Drum roll, please…..
WE SOLD OUR HOME IN OKLAHOMA!
365 days after we bought our home in Kansas it finally happened: we sold our house in Oklahoma! Can you imagine the odds on that? 365 exact days! ;-) During the past year we made ten trips back and forth – a total of 6,200 miles – most of them with three dogs tagging along. But, now it’s a page turned in our lives. Not without some drama, though. As my friend Marcia pointed out, “Drama follows you, Sally.” Oh, well. Next life I’ll try for a spot in Hollywood. If you are interested to know more, read on… but beware, no recipes in this post.
We scheduled the closing of the sale for 4pm on Friday, May 31st. Still, lots of things were left to do to completely empty and clean the house for its new owners, so we drove to Norman a couple of days beforehand. That Wednesday, May 29, both Kansas and Oklahoma were under a full-blown tornado watch for most of the afternoon and evening. We hit the road around 1pm, driving with one eye on the highway and another on Intellicast radar. We made it home with 8 minutes to spare before the storm hit. Driving through Moore was a sobering experience that recalled May 1999. The area of destruction is narrow, but it is complete. Imagine a gigantic lawnmower passing through and turning homes and trees into small sticks and dirt. Unless you see it you can’t comprehend the violence of a tornado of that magnitude.
We were excited to arrive home, not only because we made it before the t-storm, but because we wanted to see the new roof installed last week. Our house suffered hail damage from one of the many storms earlier this year, so we had to take care of that and replace the roof before selling the property. What we did not expect was to arrive in our master bathroom to find broken, exploded glass everywhere!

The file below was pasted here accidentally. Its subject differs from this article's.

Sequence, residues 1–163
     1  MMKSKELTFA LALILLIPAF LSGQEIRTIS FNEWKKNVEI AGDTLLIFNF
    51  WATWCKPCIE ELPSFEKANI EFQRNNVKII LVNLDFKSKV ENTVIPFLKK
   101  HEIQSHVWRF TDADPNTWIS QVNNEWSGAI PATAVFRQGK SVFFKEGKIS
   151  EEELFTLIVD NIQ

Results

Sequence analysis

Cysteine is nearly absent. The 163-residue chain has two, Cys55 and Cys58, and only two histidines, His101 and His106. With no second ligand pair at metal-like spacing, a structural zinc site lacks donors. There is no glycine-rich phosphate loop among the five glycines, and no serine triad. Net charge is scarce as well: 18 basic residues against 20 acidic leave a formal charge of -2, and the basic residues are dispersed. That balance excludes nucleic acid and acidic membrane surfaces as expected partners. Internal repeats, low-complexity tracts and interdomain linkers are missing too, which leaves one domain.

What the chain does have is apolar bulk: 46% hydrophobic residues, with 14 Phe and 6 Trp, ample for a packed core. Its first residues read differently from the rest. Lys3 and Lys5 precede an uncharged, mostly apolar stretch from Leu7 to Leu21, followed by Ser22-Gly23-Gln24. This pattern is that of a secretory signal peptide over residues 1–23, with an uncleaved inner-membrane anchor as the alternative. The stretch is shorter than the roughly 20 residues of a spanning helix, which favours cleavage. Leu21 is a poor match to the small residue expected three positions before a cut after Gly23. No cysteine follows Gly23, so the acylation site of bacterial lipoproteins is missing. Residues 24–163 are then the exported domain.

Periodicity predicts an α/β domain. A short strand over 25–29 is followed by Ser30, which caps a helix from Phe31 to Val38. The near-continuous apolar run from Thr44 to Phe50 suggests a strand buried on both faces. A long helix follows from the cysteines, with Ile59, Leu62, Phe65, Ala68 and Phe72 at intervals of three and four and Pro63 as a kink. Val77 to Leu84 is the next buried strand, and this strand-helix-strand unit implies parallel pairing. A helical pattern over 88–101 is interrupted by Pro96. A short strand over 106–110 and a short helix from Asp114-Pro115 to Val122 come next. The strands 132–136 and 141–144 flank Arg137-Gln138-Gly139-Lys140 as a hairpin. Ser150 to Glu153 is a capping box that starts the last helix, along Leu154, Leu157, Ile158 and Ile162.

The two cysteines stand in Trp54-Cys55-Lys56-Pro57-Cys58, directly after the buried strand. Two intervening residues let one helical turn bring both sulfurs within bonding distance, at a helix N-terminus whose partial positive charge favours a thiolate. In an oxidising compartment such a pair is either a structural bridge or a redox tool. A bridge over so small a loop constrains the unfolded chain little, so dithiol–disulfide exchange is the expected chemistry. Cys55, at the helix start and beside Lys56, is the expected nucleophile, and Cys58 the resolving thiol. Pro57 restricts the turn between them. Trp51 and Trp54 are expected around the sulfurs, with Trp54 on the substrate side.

The roofers had broken the skylight, never said a word about it to their boss, and simply left. Drama? You think? ;-) A few phone calls were exchanged, four guys came up and cleaned the mess next morning.
Next day (Thursday) we worked hard, making three piles in the garage: one to donate, one to dispose, and one to move back to Kansas with us. A trip to Habitat for Humanity for the first pile, and a trip to the “Transfer Station” for the second. Have you ever visited a Transfer Station? It’s what we call “the dump”. Basically, one stop before a landfill. A place where folks dump trash, it’s moved around into HUGE piles by a skillful worker driving a front-end loader, and it’s then dispensed into gigantic trucks that do the final trip to the landfill. If you have a pickup truck and a utility bill to prove local residency you can dump your trash. They weigh the truck when you arrive, then weigh it again when you leave. You pay per pound of trash left behind. Clever, don’t you think? I know it is not a food blog-worthy subject, but the truth is, it’s a part of life we tend to forget. We live in a “pseud0-clean,” protected environment, in which the meat comes nicely packaged so you don’t think about the animal behind it. We also don’t think about the trash we produce once the garbage leaves our front door. Well, it’s not pretty, it’s nasty, and a lot of people work very, very hard to deal with it. I made a little video for those interested.
You can watch it here.
It is only 35 seconds long, and only in the end can you see the worker dumping a load in the truck for final transportation to a landfill. The truck parks on a lower level, so all you can see is its open top slightly above ground on the side of the transfer station. Fortunately for you, smells don’t travel with the images.